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Revista Española de Enfermedades Digestivas

Print version ISSN 1130-0108

Rev. esp. enferm. dig. vol.104 n.2  Feb. 2012

http://dx.doi.org/10.4321/S1130-01082012000200015 

LETTERS TO THE EDITOR

 

Endovascular treatment of iatrogenic hemobilia

Tratamiento endovascular de hemobilia iatrogénica

 

 


Key words: Arterio-biliary fistula. Hemobilia. Endovascular. Embolization.

Palabras clave: Fístula arteriobiliar. Hemobilia. Endovascular. Embolización.


 

 

Dear Editor,

We report the case of a 62-year-old Caucasian male, with surgical duodenocephalic pancreatectomy in April 2008 due to an intraductal mucinous-papillary neoplasm of the pancreatic head, who, in October 2008, was admitted because of a cholangitis secondary to a stenosis of biliary anastomosis treated by percutaneous transhepatic dilatation and biliary drainage. Two weeks later, the patient arrived at the emergency room in hypovolemic shock status secondary to severe hematemesis. An oral endoscopy failed to demonstrate the source of bleeding, so a liver angio-computer tomography (angioCT) was obtained. The liver angio-CT showed an extravasation of contrast in the right hepatic lobe (Fig. 1). An angiography revealed a pseudoaneurysm in a small arterial branch of the hepatic artery with an artery-biliary fistula (Figs. 2 and 3). We performed a successful embolization with coils (Fig. 4). Currently, the patient has had no complications related to transarterial embolization during follow-up.

 

 

Discussion

Percutaneous procedures on the biliary tree are now considered essential to the management of biliary diseases. Hemobilia as a manifestation of venous or arterial vascular injury is among the complications associated with these procedures. Its incidence, although low, is rising due to increased percutaneous procedures on the liver and the bile duct with rates of 19-32% of injury vessel after transhepatic percutaneous drainage.

Arteriobiliary fistula secondary to hepatic artery pseudoaneurysm has been described as a very uncommon cause of hemobilia. The first case was reported in 1981. The diagnosis is difficult and should be suspected in a patient with upper gastrointestinal bleeding, hematemesis, or shock hypovolemic when a trauma or a procedure on the biliary tree was performed. Hemobilia is usually mild and self-limited.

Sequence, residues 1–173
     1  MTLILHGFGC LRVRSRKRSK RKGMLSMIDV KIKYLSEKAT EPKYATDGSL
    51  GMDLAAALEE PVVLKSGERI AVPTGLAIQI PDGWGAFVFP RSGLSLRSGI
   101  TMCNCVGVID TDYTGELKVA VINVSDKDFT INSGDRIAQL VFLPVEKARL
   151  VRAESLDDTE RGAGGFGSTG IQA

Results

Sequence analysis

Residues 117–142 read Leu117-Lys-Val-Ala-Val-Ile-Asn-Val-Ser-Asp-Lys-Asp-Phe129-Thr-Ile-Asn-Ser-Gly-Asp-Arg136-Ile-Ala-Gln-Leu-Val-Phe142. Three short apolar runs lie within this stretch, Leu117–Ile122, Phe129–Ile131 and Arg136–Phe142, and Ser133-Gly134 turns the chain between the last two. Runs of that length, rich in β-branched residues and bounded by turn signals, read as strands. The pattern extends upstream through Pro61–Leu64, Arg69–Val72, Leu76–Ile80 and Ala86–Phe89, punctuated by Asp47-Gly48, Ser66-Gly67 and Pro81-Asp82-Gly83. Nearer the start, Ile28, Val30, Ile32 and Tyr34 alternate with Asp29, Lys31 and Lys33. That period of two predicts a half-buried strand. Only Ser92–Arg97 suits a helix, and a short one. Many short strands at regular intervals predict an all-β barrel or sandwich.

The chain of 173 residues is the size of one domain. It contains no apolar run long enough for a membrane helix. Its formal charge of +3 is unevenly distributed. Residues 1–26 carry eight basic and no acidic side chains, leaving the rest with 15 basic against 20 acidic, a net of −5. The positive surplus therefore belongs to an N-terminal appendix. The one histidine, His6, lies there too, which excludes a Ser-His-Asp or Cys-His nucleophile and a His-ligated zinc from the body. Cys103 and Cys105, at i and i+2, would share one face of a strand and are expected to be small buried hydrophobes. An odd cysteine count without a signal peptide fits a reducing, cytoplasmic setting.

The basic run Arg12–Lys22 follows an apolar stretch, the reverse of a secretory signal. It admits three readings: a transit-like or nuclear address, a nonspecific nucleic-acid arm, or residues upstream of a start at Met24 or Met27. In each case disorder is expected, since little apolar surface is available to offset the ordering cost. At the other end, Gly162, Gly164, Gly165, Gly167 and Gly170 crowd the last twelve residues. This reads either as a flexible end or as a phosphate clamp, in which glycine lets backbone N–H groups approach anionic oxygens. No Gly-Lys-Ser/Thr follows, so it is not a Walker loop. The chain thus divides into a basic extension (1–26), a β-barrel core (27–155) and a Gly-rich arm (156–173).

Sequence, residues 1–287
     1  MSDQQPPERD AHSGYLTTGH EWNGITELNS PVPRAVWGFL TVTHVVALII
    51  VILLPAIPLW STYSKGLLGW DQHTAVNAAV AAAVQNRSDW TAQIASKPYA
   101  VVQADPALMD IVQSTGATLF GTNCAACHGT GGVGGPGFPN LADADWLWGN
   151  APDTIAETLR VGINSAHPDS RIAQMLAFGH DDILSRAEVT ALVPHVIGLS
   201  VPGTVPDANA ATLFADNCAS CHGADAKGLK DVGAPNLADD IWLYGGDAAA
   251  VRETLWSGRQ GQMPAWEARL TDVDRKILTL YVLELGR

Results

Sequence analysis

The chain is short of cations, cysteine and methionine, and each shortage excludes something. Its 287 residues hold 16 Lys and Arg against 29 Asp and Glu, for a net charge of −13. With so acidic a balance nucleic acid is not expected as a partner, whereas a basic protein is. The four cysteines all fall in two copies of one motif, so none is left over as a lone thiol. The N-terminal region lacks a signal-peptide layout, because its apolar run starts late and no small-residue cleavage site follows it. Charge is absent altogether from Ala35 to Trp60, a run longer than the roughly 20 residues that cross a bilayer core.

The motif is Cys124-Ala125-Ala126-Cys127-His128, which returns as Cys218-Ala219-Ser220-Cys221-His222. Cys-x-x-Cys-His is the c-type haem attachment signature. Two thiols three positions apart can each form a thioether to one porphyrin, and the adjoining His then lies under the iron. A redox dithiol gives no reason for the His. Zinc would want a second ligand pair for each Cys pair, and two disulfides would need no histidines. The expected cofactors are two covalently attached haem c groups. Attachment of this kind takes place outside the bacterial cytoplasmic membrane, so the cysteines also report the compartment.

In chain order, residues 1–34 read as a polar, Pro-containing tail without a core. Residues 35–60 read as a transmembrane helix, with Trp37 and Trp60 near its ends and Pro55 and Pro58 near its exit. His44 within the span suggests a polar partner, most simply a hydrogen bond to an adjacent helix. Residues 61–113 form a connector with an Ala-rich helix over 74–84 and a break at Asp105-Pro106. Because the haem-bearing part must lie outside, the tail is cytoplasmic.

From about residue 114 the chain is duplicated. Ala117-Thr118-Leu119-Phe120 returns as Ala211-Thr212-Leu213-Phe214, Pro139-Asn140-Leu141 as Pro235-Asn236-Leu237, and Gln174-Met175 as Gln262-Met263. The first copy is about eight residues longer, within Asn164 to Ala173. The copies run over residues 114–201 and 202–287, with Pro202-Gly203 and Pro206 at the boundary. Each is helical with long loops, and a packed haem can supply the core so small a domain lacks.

Angiography is the gold standard today. The capacity to locate the source of bleeding (> 90% in some series) and the potential therapeutic possibilities with success rates of 80-100% and a morbidity comparable to open surgery have relegated the latter to cases of massive hemobilia that is not controlled by transarterial embolization (TAE), cholecystitis, and sepsis.

 

José M. Lorente-Herce1, Francisco Diéguez-Rascón2, Guillermo Núñez de Arenas-Baeza2,
Macarena Márquez-Muñoz1, Francisco J. Jiménez-Vega1 and José V. González-Herráez2

1UGC Enfermedades Digestivas. 2Servicio de Angiología y Cirugía Vascular. Hospital Universitario Virgen de Valme. Sevilla, Spain

 

References

1. Green MH, Duell RM, Johnson CD, Jamieson NV. Haemobilia. Br J Surg. 2001;88(6):773-86.         [ Links ]

2. Saad WE, Davies MG, Darcy MD. Management of bleeding after percutaneous transhepatic cholangiography or transhepatic biliary drain placement. Tech Vasc Interv Radiol 2008;11(1):60-71.         [ Links ]

3. Winick AB, Waybill PN, Venbrux AC. Complications of percutaneous transhepatic biliary interventions. Tech Vasc Interv Radiol 2001;4(3): 200-6.         [ Links ]

4. Rai R, Rose J, Manas D. An unusual case of haemobilia. Eur J Gastroenterol Hepatol 2003;15(12):1357-9.         [ Links ]

5. Druy EM. Hepatic artery-biliary fistula following percutaneous transhepatic biliary drainage. Radiology 1981;141(2):369-70.         [ Links ]

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